NHS cyberattack

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elasto
Posts: 3102
Joined: Mon May 10, 2010 1:53 am UTC

Re: NHS cyberattack

Postby elasto » Wed Jun 28, 2017 7:20 pm UTC

A global cyber-attack that affected companies around the world may have started via corrupted updates on a piece of accountancy software.

Fingers are increasingly pointing to a piece of Ukrainian tax-filing software, MEDoc, as the source of the infection, although the company denies it.

A growing number of security experts, including the British malware expert Marcus Hutchins - credited with ending the WannaCry ransomware outbreak - claim to have logs that reveal MEDoc as the source.

In email correspondence with the BBC, Mr Hutchins said: "It looks like the software's automatic update system was compromised and used to download and run malware rather than updates for the software."

It was not yet clear how it had been compromised, he added.

MEDoc has denied the claims, in a Facebook post - but in a blog post analysing how the infection had taken hold on Windows machines, Microsoft also points the finger at the accounting software: "Active infections of the ransomware initially started from the legitimate MEDoc update process," it writes.

Alan Woodward, a computer scientist from the University of Surrey, said: "The ironic thing about this situation (if it proves to be the case) is that we always advise users to keep their software up to date, ideally using automated updates. However, it assumes hackers can't take over the update process and misuse it."

Most security experts agree that the virus, thought to be a new variant of the Petya ransomware, was spread using a Windows vulnerability known as Eternal Blue, discovered by the National Security Agency and leaked online.

Mr Hypponen told the BBC that it was "completely clear" that hackers in both WannaCry and Petya outbreaks had used the NSA exploit.

The fact that it had now been leaked and was being used by criminal or political hackers was "a nightmare scenario" for the intelligence agency, he said: "It chose to use the exploit, not tell Microsoft about it and weaponise it, and now it has been leaked, made public and used in an attack," he said.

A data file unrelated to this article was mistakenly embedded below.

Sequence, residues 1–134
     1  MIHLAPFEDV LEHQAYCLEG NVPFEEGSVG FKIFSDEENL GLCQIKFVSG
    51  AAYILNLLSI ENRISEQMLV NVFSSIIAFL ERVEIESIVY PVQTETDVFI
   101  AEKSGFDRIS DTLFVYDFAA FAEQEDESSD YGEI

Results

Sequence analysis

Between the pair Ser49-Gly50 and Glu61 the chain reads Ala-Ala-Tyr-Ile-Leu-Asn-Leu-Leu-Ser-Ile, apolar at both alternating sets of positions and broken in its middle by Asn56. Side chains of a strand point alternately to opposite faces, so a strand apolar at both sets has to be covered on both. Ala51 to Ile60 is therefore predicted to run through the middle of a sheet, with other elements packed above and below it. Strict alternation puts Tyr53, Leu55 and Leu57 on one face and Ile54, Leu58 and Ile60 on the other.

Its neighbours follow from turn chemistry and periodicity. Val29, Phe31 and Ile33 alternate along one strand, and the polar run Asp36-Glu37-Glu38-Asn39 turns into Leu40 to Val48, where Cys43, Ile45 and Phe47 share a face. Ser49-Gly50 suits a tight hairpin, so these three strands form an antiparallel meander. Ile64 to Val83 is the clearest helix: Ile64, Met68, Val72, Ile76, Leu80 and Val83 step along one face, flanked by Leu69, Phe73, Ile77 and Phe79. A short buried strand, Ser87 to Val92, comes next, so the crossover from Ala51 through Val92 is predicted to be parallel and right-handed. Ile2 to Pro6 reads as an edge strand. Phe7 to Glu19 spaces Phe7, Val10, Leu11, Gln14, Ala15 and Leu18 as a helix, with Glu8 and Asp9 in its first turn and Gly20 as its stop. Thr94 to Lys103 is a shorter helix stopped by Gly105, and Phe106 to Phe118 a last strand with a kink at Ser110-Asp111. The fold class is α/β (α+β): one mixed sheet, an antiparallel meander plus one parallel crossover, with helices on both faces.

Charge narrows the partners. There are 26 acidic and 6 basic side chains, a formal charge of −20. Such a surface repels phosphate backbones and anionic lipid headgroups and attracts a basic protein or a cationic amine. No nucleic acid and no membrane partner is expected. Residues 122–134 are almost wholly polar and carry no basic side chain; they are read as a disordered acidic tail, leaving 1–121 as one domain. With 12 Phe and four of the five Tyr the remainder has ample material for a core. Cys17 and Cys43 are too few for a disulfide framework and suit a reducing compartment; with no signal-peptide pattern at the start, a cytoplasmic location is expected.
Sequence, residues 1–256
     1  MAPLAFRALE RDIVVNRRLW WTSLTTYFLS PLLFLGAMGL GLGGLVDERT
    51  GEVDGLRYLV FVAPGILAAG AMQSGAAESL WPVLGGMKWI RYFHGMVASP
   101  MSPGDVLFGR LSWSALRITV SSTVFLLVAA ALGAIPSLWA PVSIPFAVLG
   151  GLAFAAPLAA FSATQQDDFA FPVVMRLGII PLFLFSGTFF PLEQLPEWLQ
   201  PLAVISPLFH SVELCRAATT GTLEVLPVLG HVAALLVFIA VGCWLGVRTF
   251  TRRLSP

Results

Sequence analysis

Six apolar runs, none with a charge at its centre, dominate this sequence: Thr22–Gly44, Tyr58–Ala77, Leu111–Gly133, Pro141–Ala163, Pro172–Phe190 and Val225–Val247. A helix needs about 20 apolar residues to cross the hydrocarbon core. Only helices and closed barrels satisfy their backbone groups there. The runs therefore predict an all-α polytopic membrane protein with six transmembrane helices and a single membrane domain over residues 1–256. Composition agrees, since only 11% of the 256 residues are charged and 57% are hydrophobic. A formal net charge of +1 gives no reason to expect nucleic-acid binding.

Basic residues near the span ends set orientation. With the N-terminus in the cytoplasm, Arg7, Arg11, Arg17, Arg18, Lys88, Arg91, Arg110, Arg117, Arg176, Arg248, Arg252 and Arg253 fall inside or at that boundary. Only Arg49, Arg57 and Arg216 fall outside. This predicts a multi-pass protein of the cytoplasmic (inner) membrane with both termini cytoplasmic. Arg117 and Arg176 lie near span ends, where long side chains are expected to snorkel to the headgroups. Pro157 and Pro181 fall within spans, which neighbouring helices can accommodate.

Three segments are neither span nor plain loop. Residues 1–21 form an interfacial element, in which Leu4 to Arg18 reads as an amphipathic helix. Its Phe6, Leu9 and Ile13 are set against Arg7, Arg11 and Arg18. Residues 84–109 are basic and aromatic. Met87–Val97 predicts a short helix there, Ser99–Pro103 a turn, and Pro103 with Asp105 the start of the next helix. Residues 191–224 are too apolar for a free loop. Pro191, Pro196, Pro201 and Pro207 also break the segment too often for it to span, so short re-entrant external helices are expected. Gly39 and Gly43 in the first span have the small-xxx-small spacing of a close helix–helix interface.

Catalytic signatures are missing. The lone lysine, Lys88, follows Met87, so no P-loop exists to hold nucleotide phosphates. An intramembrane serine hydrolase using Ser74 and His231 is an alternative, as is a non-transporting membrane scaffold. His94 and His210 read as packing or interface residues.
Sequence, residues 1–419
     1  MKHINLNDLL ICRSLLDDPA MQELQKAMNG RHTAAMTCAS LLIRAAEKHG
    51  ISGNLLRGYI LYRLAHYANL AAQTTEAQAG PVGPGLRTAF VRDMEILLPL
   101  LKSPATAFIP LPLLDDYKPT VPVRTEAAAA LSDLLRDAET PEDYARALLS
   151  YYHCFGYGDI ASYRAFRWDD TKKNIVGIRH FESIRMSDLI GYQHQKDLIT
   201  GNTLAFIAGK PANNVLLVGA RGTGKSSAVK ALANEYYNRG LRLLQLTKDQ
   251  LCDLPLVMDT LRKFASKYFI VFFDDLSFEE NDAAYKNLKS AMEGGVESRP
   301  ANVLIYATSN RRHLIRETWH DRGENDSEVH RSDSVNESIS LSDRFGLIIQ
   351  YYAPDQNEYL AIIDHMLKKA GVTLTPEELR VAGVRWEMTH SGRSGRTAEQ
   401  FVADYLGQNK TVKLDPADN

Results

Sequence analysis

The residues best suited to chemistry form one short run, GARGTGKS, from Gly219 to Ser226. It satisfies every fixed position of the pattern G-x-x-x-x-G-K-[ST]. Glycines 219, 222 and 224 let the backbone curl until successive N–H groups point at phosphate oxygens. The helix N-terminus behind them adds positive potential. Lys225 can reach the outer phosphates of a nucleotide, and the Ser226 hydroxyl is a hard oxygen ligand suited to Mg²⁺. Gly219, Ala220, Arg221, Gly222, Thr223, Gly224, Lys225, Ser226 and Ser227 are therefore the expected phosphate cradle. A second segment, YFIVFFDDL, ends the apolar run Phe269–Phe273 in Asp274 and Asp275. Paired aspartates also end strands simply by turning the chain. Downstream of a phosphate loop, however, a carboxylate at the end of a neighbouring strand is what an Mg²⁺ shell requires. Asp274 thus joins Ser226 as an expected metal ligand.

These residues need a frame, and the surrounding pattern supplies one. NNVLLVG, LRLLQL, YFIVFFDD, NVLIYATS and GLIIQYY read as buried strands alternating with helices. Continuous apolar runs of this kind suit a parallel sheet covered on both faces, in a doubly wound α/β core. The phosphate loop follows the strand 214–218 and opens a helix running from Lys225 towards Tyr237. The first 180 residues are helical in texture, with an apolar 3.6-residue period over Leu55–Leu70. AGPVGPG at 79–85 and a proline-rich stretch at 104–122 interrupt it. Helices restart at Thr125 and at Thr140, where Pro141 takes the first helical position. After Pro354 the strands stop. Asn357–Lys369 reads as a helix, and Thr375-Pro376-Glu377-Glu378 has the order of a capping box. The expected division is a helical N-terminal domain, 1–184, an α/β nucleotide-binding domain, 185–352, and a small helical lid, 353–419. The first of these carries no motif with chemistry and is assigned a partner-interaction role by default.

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KnightExemplar
Posts: 5489
Joined: Sun Dec 26, 2010 1:58 pm UTC

Re: NHS cyberattack

Postby KnightExemplar » Wed Jun 28, 2017 7:42 pm UTC

The fact that it had now been leaked and was being used by criminal or political hackers was "a nightmare scenario" for the intelligence agency, he said: "It chose to use the exploit, not tell Microsoft about it and weaponise it, and now it has been leaked, made public and used in an attack," he said.


If you haven't applied the MS17-010 patch, which has been now available for 3-months. (Especially after the giant red flag about a month ago when WannaCry first came out)... you definitely deserve to be hacked at this point.

IT Teams fail to apply patches, even after a massive cyberattack that should have warned everyone to fix MS17-010 on their systems. Then they blame other people because of their problems. Hint: the MS17-010 attack has been known for three months, and this is the SECOND time MS17-010 has been exploited in a worldwide cyberattack.

Its about fucking time for IT Teams to close the fucking barndoor. Patch your fucking systems, do your fucking job. There's no excuse at this point, especially since the WannaCry attack started in MAY.

Microsoft has had patch installations instructions here since March 13, 2017. Your system has been automatically fixed updated if you've had any of the annoying "Forced reboots" between March and Today... unless your system administrator disabled updates for some reason.

Virus writers will continue to exploit MS17-010 till the end of time. Its just like Conflicker (MS08-067). Until all computers were protected against MS08-067, Conflicker continued to spread like wildfire. And then there were Conflicker copycats who learned from MS08-067 and Conflicker, and improved upon the technique. But it doesn't matter, just fix your computer against MS17-010 and you'll never have to worry about WannaCry (1.0) or Petya (1.0) ever again.
First Strike +1/+1 and Indestructible.

elasto
Posts: 3102
Joined: Mon May 10, 2010 1:53 am UTC

Re: NHS cyberattack

Postby elasto » Wed Jun 28, 2017 8:17 pm UTC

If you read the article, multiple attack vectors were used, pointing to a state-sponsored attack. The exploit the NSA found and weaponised was only one such vector - you could have patched that and still been vulnerable - especially since the virus got in through automated patching - ie. not requiring anyone to click on a dodgy email link etc.

In fact, unless I'm reading it wrong, even machines completely up to date on Windows patches would have been hit, they just needed to be running this tax software. In essence, this is a zero-day exploit that you can't guard against unless you don't automatically apply patches...


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